Medicine of the Future in America

Normative Data for pH of Exhaled Breath Condensate

Normative Data for pH of Exhaled Breath CondensateMeasurement of the pH of body fluids has a long -L and successful history in clinical diagnosis. Exhaled breath condensate (EBC) pH has recently been added to the list as a useful assessment relevant to lung disease diagnosis and management. EBC pH was initially noted to be abnormally low during acute asthma exacerbations. It was subsequently recognized that EBC pH is low in diverse respiratory disease states, including asthma, COPD, chronic cough, bronchiectasis, ARDS, and others. EBC pH correlates with other indexes of airway inflam-mation. Beyond being simply a biomarker of disease status, low EBC pH has provided data supporting the important role of airway acid stress in respiratory diseases. buy ventolin

Two methods of reporting EBC pH have been included in the literature: (1) measurement of pH after gas standardization (sometimes called “deaeration”) to equilibrate EBC with a CO2-free gas; and (2) measurement of pH without this gas standardization step. Although the data from these two different systems may correlate, the resulting pH values are different, and they need to be understood as having different meanings. EBC pH measurement is perhaps the most technically validated of all measurements performed to date on EBC, with diverse subject, collection, storage, and assay system variations having been evaluated. There are multiple published articles presenting normal control data in small numbers of subjects (Table 1). In this article, we present data from 404 self-reported healthy volunteers as a normal reference range for gas standardized EBC pH. Because the EBC pH measurement reproducibly can be performed in laboratories throughout the world, we believe this reference database will serve to enhance interlaboratory communication. Self-described healthy volunteers were recruited from the area surrounding the University of Virginia in the United States. This is a mixed community of urban, suburban, and rural families. To ensure that the population would serve as the most useful control group, subjects were excluded from the study if they affirmed on screening that they smoked tobacco or had any of the following symptoms or diseases: chronic cough, recurrent or chronic wheeze, COPD, emphysema, chronic bronchitis, cystic fibrosis, asthma, recurrent bronchitis, chronic nasal or sinus conditions, or any other respiratory symptom or condition.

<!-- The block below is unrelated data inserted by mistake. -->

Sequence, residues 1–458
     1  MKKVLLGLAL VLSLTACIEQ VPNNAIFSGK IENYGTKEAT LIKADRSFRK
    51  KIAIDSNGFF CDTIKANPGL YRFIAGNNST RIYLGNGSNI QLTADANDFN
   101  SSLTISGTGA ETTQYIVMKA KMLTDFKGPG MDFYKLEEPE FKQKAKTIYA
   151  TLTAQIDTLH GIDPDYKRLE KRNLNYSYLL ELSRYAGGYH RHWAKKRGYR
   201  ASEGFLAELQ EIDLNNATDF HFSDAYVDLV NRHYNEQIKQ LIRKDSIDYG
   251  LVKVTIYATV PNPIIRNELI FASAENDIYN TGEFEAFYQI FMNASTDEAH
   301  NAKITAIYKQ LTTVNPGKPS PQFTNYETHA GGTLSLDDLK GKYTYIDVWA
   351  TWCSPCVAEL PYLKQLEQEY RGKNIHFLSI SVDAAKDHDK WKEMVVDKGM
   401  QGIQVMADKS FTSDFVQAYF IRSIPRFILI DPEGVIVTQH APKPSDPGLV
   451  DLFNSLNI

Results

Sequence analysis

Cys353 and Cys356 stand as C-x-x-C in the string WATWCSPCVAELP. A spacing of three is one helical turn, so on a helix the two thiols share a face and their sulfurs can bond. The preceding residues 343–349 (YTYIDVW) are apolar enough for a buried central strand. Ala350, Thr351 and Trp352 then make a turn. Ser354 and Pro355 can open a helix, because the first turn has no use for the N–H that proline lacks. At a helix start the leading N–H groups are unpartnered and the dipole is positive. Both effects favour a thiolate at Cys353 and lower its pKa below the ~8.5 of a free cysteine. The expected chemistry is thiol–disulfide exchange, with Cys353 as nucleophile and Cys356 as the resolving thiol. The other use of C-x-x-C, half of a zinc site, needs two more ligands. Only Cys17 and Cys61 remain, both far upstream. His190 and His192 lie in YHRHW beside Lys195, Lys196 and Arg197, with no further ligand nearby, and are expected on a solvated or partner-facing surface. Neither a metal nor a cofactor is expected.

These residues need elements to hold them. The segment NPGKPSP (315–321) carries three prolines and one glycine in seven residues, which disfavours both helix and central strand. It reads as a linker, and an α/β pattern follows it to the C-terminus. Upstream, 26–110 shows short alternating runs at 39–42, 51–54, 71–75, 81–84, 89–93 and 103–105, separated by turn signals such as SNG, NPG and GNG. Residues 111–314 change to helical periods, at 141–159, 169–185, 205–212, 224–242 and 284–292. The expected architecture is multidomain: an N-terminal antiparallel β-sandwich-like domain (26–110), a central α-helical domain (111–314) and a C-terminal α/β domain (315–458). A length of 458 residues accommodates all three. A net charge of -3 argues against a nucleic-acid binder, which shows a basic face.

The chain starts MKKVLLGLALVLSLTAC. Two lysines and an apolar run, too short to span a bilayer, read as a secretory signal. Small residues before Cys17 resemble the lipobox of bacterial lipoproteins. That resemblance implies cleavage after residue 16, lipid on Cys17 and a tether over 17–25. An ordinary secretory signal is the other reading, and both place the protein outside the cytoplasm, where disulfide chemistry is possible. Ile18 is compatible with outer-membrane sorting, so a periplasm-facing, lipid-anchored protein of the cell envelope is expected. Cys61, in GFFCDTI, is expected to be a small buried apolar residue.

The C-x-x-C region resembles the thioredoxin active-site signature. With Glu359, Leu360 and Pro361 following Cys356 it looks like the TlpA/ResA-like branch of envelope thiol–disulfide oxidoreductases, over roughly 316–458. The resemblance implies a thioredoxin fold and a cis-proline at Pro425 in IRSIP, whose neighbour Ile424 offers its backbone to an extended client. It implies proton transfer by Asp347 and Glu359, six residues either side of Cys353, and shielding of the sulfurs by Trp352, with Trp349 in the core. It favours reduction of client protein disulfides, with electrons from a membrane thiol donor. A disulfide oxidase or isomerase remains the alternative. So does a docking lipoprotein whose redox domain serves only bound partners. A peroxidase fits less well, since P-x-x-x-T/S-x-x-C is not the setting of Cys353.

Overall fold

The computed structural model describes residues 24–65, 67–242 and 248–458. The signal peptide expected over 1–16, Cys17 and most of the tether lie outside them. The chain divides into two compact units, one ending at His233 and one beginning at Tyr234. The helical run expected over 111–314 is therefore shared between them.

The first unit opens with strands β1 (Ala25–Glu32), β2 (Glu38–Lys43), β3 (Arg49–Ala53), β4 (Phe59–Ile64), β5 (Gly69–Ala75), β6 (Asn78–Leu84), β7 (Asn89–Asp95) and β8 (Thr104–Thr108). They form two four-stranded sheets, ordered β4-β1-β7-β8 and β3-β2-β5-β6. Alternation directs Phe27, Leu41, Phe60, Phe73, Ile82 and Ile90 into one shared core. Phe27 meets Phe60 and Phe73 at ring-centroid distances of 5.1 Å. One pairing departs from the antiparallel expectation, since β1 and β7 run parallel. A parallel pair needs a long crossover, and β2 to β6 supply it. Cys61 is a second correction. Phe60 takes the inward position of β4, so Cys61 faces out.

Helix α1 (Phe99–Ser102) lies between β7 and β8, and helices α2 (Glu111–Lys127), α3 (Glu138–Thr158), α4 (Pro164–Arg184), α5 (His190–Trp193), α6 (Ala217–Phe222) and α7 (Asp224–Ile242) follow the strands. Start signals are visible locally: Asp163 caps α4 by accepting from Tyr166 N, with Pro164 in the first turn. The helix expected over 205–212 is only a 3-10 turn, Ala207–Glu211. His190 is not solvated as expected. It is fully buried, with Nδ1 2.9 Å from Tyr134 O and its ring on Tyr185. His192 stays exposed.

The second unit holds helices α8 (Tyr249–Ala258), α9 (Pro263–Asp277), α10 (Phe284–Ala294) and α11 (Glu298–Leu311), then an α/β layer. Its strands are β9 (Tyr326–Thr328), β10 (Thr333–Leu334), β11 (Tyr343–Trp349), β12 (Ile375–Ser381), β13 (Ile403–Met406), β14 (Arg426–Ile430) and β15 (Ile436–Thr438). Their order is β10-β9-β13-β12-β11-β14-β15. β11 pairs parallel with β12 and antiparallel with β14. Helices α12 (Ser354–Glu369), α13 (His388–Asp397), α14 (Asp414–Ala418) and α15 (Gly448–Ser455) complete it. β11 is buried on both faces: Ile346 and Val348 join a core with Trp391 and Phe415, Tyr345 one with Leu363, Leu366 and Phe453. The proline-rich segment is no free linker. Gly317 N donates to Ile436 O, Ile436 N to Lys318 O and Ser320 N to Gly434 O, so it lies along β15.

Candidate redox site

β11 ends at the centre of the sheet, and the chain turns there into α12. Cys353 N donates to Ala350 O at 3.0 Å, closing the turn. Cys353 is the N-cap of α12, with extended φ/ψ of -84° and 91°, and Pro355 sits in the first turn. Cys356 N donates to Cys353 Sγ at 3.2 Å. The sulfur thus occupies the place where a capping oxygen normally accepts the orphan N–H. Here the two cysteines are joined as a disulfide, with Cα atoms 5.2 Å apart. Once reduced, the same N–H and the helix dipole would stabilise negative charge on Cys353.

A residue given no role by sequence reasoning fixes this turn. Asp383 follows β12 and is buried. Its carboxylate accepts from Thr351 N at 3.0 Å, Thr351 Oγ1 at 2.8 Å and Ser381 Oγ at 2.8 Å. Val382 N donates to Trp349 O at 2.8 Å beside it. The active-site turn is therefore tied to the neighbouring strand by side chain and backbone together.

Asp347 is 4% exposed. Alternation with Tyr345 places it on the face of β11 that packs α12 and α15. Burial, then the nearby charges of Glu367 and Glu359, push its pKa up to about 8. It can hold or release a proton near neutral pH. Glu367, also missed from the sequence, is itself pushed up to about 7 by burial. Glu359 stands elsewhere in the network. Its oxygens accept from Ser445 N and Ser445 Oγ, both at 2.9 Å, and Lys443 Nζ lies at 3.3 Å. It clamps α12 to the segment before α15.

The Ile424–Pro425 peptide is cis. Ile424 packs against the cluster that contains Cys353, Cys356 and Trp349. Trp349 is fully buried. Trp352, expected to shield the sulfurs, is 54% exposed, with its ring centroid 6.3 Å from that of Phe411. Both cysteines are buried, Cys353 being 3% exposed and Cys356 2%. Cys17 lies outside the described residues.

Table 1—Articles Presenting Normal Control Data

Source Year EBC pH Healthy Subjects/ Samples, No. Comments
Hunt et al 2000 7.7 ± 0.2t 19/19 Healthy nonsmokers
Kostikas et al2 2002 7.57 (7.51-7.64) 10/10 Adults
Gessner et al 2003 7.46 ± 0.5т 12/12 Adults; samples were gas standardized in a different manner.
Vaughan et al 2003 7.7 ± 0.5т 100/773 Adults
Vaughan et al 2003 7.8 ± 0.3т 32/32 Adults, intubated
Niimi et al 2004 8.26 16/16 Adults; mean age, 43 yr
Tesse, et al 2004 7.78 30/30 Children; mean age, 7 yr
Carpagnano et al 2004 С?Сс±5CC 15/15 Children; mean age, 7 yr
Rosias et al 2004 сс±7сОС 23/23 Children; mean age, 9 yr
Carraro et al 2005 7.85 (7.8-7.9) 13/13 Children; mean age, 10 yr
Borrill et al 2005 7.61 (7.52-7.70) 12/12 Adults; mean age, 26 yr
This entry was posted in Pulmonary function and tagged airway pH, exhaled breath condensate, reference ranges.
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